• Media Advisory
FDA approval of the postpartum depression treatment brexanolone represents the final phase of a bench-to-bedside journey for this drug — a journey that began in the NIMH Intramural Research Program. NIMH experts are available to provide information on postpartum depression and the importance of, and the science underlying, this new drug.
- Inflammation in Pregnant Moms Linked to Child’s Brain Development
• Science Update
High levels of maternal inflammation during pregnancy have been linked to effects in children, including reduced brain circuit communications and altered long-distance brain wiring at birth, poorer cognitive function at one year – and to reduced impulse control and working memory at two years.
Health Topics and Resources
Featured Health Topics
- Anxiety Disorders
- Bipolar Disorder (Manic-Depressive Illness)
- Borderline Personality Disorder
- Eating Disorders
- Obsessive-Compulsive Disorder (OCD)
- Post-Traumatic Stress Disorder (PTSD)
- Suicide Prevention
Featured Brochures and Fact Sheets
- Depression among Women: This Centers for Disease Control and Prevention webpage provides information about depression among women, including risk factors for depression, and postpartum depression.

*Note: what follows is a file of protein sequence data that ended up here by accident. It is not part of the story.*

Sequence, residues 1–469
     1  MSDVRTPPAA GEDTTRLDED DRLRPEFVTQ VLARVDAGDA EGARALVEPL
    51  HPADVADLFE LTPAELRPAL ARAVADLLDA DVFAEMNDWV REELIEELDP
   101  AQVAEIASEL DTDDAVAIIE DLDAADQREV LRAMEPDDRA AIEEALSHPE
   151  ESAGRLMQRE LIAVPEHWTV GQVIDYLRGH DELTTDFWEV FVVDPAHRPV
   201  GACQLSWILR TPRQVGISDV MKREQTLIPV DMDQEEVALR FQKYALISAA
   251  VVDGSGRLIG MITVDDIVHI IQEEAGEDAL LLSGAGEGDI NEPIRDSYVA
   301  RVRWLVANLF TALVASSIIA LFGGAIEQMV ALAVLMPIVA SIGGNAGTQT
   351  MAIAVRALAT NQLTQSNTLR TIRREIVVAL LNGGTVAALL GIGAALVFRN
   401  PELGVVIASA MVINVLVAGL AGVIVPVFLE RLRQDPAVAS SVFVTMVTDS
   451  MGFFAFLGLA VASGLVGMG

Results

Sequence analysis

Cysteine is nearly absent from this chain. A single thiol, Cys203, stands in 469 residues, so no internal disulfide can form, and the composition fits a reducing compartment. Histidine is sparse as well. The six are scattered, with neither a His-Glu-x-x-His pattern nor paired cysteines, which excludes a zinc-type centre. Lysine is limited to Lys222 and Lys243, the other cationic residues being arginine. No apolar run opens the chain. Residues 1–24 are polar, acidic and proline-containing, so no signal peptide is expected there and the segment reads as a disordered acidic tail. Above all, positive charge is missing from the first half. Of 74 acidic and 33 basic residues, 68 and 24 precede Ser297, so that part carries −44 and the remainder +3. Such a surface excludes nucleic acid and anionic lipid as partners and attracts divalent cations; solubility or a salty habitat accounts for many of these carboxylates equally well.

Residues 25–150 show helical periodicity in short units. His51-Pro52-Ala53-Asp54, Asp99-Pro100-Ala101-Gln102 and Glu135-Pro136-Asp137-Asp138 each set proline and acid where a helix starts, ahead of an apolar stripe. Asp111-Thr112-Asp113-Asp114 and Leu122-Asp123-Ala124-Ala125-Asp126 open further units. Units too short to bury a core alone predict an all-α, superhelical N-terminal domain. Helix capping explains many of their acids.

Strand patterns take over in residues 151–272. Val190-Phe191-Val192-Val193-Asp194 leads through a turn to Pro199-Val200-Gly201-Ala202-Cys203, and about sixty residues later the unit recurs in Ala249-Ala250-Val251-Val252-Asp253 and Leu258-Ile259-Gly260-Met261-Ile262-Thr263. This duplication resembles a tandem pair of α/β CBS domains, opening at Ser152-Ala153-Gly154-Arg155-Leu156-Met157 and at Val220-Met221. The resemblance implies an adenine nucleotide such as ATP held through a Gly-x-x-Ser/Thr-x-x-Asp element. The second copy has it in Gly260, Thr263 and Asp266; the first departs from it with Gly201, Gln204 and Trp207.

- Health Resources and Services Administration (HRSA): HRSA offers programs and resources on maternal health, including depression during and after pregnancy.
- National Institute of Child Health & Human Development (NICHD): NICHD supports the Moms’ Mental Health Matters initiative and the PregSource research project.
- NIH Office of Research on Women’s Health (ORWH): ORWH provides resources for mothers about maternal health on the Maternal Morbidity and Mortality portal.
- Office on Women’s Health: Mental Health: Learn more about women’s mental health on the U.S. Department of Health and Human Service’s Office on Women’s Health website.
- Women’s Health: The National Library of Medicine’s MedlinePlus offers resources on the unique health issues women experience (en Español).
This video provides patient testimony and information on the signs and symptoms of postpartum depression and reinforces the importance of seeking help and treatment from a health professional.
This video describes research on the underlying molecular mechanisms on woman’s susceptibility to disabling irritability, sadness, and anxiety in the days leading up to her menstrual period.
Got 60 seconds? Take a mental health minute to learn about eating disorders.
- National Suicide Prevention Lifeline: The Lifeline provides 24-hour, toll-free, and confidential support to anyone in suicidal crisis or emotional distress. Call 1-800-273-TALK (8255) to connect with a skilled, trained counselor at a crisis center in your area. Support is available in English and Spanish and via live chat.